As for the gag build ups that are expressed in the short, they are done  to a great standard. You'd expect Tex to include a gag involving a skunk, such as the scene of the hunter attempting to plunger Bugs out of his hole, but Bugs replaces himself from the plunger with a skunk.

Prior to the scene, note the great characteristic cycle of Bugs hopping with a plunger stuck at his rear end. Some great timing on that as well as Carl Stalling's music synchronisation.

And so, after the skunk scene, Bugs dances way into the cave in, dancing to Shuffle off to Buffalo. The hunter runs inside the cave searching for Bugs, in which the cave darkens to the point where only eyes are seen. The hunter, believing he has caught Bugs, strangles "him" but discovers another set of eyes next to him, and is the real Bugs who asks "What's cookin' doc?". The hunter strikes the match open, finds it's a bear, and they zip out like a comet back into Bugs' hole. As they raise their heads up, sweating with relief, the bear does the same anticipation, though his notice causes Bugs and the hunter to escape.

 Perhaps one of the bigger highlights of the short however, as well as the most memorable, would be the log sequence. Bugs and the hunter go through a simple cat-and-mouse routine of running in circles, by travelling inside a log along the way.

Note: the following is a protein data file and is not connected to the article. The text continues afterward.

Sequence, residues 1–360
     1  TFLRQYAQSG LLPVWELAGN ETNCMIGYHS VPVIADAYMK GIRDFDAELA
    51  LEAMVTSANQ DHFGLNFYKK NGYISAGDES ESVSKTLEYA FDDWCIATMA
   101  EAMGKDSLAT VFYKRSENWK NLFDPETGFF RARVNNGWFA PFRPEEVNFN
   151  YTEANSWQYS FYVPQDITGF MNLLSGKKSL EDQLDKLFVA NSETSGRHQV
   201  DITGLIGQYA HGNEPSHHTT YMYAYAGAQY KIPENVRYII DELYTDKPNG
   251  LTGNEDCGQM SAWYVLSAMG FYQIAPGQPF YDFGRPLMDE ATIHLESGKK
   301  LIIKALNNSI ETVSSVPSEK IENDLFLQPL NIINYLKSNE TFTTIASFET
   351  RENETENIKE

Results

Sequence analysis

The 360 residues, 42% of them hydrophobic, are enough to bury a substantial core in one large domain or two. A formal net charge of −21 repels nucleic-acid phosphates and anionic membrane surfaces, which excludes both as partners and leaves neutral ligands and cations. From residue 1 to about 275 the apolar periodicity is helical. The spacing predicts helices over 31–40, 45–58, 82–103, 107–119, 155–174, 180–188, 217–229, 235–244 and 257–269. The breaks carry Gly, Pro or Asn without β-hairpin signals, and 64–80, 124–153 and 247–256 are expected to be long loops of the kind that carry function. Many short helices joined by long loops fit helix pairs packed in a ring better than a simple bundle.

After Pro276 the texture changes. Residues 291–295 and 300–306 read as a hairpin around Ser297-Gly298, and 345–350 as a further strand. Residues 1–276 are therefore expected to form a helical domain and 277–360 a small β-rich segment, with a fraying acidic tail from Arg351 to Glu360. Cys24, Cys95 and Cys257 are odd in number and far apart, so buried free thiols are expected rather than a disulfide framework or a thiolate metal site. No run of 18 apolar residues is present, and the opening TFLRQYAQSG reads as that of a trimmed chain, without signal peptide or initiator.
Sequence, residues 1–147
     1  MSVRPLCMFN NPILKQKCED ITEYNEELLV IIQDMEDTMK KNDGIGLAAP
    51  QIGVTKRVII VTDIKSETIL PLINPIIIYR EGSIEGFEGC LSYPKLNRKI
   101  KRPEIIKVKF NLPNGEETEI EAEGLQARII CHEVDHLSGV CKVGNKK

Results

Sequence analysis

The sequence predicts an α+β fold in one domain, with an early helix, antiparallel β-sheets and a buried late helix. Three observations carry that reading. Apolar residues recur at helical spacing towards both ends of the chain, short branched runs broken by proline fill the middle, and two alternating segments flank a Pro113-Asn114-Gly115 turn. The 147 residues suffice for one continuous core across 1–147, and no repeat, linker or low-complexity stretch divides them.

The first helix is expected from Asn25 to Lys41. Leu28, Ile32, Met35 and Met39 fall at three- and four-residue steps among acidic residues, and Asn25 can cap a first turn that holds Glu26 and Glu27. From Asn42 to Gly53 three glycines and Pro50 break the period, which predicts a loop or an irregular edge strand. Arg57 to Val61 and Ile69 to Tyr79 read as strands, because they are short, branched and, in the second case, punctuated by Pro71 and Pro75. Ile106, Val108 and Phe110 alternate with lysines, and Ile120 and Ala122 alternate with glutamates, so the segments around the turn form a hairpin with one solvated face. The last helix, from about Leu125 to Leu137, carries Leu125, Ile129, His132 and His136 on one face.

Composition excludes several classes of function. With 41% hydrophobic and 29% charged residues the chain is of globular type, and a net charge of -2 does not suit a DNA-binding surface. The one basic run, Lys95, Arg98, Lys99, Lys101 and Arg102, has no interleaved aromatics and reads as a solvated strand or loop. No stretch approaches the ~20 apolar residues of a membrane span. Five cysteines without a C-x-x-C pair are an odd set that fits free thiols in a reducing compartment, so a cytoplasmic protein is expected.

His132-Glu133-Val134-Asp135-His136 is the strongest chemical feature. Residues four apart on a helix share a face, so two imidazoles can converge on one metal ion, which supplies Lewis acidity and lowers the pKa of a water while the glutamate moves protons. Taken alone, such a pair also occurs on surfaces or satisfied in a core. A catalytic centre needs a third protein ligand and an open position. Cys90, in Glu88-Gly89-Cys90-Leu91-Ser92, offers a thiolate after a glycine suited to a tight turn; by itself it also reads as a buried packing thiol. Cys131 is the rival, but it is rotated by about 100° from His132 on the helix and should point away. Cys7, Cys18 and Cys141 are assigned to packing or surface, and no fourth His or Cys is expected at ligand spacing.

But, Bugs builds up the gag even further by pushing the log the other side, causing the hunter to run in mid-air, feeling like a "sucker", and double-take a couple of times. It's a great, inventive sequence which Tex uses every opportunity he could take in the sequence.

The running cycle during the log run shows a great synchronisation of The Umbrella Man synced to the hunter's run. The double-takes, as well as the symbolic 'sucker-lollopop' scene are great in emphasising the foolishness of the hunter. It would go on to be used again for Clampett's The Big Snooze.

So, as the hunter believes he's still on soul, by placing his hand on the ground, Bugs continues to dodge him even further. Just as the hunter runs in mid-air (the scene, and most of the scenes in the sequence done by Rod Scribner), the hunter comes to a halt, attempts to feel the ground, but double-takes once more as he falls to the ground. It's without doubt the highlight for the sequence as it's an original concept, the delivery is amusing, and what's more, Bugs' schemes are devilish but in a sympathetic kind of matter.